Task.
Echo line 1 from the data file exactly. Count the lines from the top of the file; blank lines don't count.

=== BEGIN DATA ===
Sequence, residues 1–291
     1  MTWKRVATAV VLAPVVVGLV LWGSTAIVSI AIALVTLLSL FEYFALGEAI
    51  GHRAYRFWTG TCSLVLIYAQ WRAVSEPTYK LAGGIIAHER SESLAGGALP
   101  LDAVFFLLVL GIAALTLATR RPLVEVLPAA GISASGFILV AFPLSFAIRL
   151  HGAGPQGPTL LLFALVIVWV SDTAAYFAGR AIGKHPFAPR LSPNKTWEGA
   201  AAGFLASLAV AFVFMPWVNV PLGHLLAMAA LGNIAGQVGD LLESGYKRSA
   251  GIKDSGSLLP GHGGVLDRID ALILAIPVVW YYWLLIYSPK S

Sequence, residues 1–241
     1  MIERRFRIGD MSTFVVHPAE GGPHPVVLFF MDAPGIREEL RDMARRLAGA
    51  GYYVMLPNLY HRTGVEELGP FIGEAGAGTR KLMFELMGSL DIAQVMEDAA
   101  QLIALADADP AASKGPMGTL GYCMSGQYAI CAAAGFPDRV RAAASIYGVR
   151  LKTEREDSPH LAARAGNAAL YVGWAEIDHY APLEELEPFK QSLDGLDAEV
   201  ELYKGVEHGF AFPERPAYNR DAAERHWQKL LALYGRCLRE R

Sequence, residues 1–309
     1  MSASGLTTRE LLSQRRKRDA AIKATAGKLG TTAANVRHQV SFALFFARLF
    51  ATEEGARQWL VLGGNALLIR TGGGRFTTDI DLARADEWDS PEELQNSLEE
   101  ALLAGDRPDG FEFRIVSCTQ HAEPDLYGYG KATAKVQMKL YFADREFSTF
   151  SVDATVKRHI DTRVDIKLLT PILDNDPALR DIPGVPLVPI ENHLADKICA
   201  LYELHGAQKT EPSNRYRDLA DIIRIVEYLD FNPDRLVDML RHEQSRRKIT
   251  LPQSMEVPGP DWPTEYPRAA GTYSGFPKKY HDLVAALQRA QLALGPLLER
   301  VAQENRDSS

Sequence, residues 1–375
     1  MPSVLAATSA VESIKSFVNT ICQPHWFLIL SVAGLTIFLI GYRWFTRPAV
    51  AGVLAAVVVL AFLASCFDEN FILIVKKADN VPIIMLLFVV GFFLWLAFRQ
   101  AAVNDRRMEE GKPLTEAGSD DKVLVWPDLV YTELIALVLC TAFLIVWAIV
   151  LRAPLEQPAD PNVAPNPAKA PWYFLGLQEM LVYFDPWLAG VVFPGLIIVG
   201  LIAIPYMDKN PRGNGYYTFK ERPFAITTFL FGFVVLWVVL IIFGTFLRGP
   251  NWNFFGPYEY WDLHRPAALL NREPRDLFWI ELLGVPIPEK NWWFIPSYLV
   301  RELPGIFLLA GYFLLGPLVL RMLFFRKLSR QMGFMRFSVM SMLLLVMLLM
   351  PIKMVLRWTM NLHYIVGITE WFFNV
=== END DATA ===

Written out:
Sequence, residues 1–291